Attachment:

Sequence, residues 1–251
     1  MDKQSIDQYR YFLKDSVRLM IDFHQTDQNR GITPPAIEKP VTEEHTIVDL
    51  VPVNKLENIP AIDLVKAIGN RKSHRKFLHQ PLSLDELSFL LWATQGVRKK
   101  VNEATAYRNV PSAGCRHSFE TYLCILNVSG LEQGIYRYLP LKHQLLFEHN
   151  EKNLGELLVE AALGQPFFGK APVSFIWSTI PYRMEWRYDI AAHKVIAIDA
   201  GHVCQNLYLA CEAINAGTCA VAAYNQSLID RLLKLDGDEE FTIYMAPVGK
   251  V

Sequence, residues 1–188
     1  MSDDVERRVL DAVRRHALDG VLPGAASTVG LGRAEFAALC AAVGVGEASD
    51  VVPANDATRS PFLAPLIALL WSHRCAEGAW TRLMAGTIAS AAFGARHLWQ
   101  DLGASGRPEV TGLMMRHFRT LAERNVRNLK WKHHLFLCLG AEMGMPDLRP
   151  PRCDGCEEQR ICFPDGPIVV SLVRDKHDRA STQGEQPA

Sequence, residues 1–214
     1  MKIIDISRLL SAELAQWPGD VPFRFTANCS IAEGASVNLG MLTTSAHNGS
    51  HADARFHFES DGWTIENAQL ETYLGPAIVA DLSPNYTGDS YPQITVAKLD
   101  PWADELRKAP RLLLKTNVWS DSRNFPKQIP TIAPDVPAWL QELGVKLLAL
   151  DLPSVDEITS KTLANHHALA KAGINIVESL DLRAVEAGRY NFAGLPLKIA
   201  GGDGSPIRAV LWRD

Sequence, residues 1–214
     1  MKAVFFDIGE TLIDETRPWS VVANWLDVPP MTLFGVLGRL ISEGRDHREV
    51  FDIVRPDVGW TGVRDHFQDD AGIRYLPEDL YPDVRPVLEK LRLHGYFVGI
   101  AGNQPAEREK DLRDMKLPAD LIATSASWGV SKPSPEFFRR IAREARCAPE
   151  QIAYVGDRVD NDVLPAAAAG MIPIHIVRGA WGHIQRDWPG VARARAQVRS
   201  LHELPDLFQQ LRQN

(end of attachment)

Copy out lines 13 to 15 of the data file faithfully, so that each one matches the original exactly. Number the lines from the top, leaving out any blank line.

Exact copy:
Sequence, residues 1–214
     1  MKIIDISRLL SAELAQWPGD VPFRFTANCS IAEGASVNLG MLTTSAHNGS
    51  HADARFHFES DGWTIENAQL ETYLGPAIVA DLSPNYTGDS YPQITVAKLD